Due to the COVID-19 pandemic, no retreats will take place.
I plan to offer writing retreats in Switzerland’s spectacular Bernese Oberland, a region which inspired Goethe, Turner, Conan Doyle and Tolkien amongst others. The retreat will enable you to focus on your writing – whether you’re completing a novel or you’ve always yearned to set time aside to draft your first short story. Begin your day with a 90-minute workshop. Then concentrate on your writing project in your own time. In the evening there will be readings and feedback in a friendly, highly supportive atmosphere.
Why a writing retreat?
- To have time and space to write: by immersing yourself in the process, you produce not only more, but better-quality, work
- To enjoy the company and support of like-minded people at various stages of their writing journey
- To develop your writing skills and/or project with the guidance of a tutor.
Why this retreat?
- On the global list of 46 Incredible Writing Retreats to Attend in 2020 published by The Write Life
- Hosted by an author with solid credentials: a published novelist; creative-writing tutor with superb testimonials; reviewer; director of literary programming of the Hampstead Arts Festival
- To take place in the Bernese Oberland – specifically in the unspoilt Hasliberg area of the magnificent Jungfrau Region, a timeless source of inspiration for authors and other artists
- A vast choice of well-maintained paths will allow you to enhance the day with a walk to stimulate both your creativity and the problem-solving involved in good writing
- A maximum of 3 guests to guarantee peace and personal attention
- A 90-minute workshop in the mornings, with focused readings and writing exercises to inspire your creativity
- In the evenings, the free option of either: (1) readings chosen by the tutor to illustrate and discuss aspects of writing; or (2) those who wish to receive feedback from the group and the tutor may read out extracts from their work
- Very comfortable accommodation: large apartment in modern chalet in a village at approx. 1070 meters above sea-level
- Double bedrooms put to single-occupancy use, all with stunning views of the mountains (including Engelhörner, Wellhorn, Wetterhorn and Eiger) and high in natural light; 3 bathrooms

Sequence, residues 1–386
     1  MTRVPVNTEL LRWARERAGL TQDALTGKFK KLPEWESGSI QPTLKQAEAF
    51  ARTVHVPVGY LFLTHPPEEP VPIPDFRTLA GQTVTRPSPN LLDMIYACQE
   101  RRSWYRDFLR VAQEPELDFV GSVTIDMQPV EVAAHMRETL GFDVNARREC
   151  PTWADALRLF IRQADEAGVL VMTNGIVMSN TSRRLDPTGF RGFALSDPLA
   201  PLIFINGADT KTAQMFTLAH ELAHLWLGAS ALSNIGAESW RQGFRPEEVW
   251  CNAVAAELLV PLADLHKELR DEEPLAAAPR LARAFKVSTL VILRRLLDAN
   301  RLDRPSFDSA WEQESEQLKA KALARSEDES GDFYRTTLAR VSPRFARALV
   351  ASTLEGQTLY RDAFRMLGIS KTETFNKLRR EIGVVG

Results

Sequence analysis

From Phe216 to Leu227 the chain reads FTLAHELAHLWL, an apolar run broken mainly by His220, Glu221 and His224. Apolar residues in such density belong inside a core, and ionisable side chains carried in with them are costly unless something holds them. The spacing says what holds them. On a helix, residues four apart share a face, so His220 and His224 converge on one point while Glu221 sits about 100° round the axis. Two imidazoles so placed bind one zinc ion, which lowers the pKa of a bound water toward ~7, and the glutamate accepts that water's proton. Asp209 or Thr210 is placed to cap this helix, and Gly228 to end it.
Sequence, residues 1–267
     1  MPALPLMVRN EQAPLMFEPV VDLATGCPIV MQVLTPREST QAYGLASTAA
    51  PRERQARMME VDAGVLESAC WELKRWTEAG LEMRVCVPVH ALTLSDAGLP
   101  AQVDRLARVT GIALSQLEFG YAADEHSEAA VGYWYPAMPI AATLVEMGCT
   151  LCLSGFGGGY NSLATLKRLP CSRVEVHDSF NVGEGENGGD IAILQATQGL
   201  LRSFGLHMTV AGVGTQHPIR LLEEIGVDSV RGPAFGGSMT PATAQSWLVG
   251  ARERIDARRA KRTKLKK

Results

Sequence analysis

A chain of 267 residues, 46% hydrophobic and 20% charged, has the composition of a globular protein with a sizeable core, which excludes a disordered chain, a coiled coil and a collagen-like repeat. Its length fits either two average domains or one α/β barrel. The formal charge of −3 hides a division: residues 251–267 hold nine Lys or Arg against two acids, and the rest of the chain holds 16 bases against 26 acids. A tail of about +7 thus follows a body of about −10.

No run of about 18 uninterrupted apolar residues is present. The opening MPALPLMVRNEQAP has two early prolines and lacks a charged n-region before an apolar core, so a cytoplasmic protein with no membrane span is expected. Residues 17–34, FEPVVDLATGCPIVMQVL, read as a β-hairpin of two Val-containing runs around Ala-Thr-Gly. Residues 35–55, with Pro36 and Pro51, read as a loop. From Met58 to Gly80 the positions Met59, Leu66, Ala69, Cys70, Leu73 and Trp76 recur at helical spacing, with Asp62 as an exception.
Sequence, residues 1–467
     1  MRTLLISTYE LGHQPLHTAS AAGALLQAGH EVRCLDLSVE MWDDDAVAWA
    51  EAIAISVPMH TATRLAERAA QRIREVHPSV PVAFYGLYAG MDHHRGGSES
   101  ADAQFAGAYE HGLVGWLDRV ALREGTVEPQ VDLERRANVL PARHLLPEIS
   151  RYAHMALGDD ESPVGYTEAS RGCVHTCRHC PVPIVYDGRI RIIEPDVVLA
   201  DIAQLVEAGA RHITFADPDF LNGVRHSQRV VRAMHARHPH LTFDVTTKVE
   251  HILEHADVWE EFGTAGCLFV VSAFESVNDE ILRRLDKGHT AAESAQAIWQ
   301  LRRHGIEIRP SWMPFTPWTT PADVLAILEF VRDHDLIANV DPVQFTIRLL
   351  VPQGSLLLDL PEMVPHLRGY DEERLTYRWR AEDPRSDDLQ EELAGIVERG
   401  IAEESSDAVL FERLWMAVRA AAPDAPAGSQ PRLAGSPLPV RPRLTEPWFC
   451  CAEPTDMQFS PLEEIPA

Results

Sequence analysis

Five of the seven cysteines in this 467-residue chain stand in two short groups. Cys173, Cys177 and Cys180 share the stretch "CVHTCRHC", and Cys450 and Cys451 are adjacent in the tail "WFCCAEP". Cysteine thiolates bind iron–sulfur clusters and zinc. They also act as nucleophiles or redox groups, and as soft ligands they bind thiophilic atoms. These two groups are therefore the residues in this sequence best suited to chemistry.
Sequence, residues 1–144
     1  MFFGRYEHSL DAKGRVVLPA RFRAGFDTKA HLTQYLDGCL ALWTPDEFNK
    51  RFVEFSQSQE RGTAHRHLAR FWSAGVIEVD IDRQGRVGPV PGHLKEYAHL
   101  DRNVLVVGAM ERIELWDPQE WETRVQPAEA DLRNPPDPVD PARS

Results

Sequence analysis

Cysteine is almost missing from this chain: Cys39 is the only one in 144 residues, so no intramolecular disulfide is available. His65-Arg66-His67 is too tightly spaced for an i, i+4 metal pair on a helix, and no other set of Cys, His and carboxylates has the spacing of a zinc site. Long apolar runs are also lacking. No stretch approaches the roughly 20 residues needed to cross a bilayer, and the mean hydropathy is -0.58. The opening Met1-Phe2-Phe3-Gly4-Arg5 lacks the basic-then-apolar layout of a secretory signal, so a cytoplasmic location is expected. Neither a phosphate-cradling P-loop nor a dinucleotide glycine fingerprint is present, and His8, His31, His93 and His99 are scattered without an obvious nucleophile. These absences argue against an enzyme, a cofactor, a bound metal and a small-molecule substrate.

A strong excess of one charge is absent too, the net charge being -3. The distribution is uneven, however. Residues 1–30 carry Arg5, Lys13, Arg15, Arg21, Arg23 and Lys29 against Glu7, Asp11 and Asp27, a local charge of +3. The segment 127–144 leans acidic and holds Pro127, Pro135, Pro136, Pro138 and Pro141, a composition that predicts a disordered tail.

- Spacious shared sitting room with log-burner
- Shared large kitchen-diner. A continental breakfast, a light lunch and a home-cooked dinner are included in the price of the retreat. Dinner will be prepared each evening by the host with the help of participants, using the high-quality ingredients provided
- Easy walk to the local café and shop.
- Due to the COVID-19 pandemic, retreats cannot take place.
- 6 nights: arrive on Saturday, 15:30 – 17:30; depart the following Friday after breakfast
- Option to stay on an extra night at a reduced rate for those wishing to visit local attractions such as: the city of Lucerne; the Reichenbach Falls of Sherlock Holmes fame; the Aare and Rosenlaui gorges; Ballenberg Open-Air Museum; Lake Brienz and the Giessbach Falls.
- GBP 600 all-inclusive of accommodation, meals, writing workshops in the mornings and readings/feedback in the evenings as described above
- A deposit of GBP 100 is payable upon receipt of confirmation of a place on the retreat, with the balance due three weeks before the start.
Further information and bookings:
- Feel free to drop me an email on mvaleriavw [at] outlook [dot] com
- Or contact me by clicking here.
‘Every now and then you find a subject so perfect that were you to stay in that one place for the rest of your life you would find enough to keep you painting for all time.’
Ken Howard OBE RA, from Ken Howard’s Switzerland – In the Footsteps of Turner, Royal Academy of Arts, 2013
Photos © the author.
The Write Life image reproduced with the kind permission of The Write Life‘s Jessica Lawlor and Susan Shain. Photo freely available from Shutterstock.
Wellhorn and Wetterhorn, by Prof. Ken Howard OBE RA, reproduced with his kind permission.
Quote from Ken Howard’s Switzerland – In the Footsteps of Turner, reproduced with Prof. Ken Howard’s kind permission.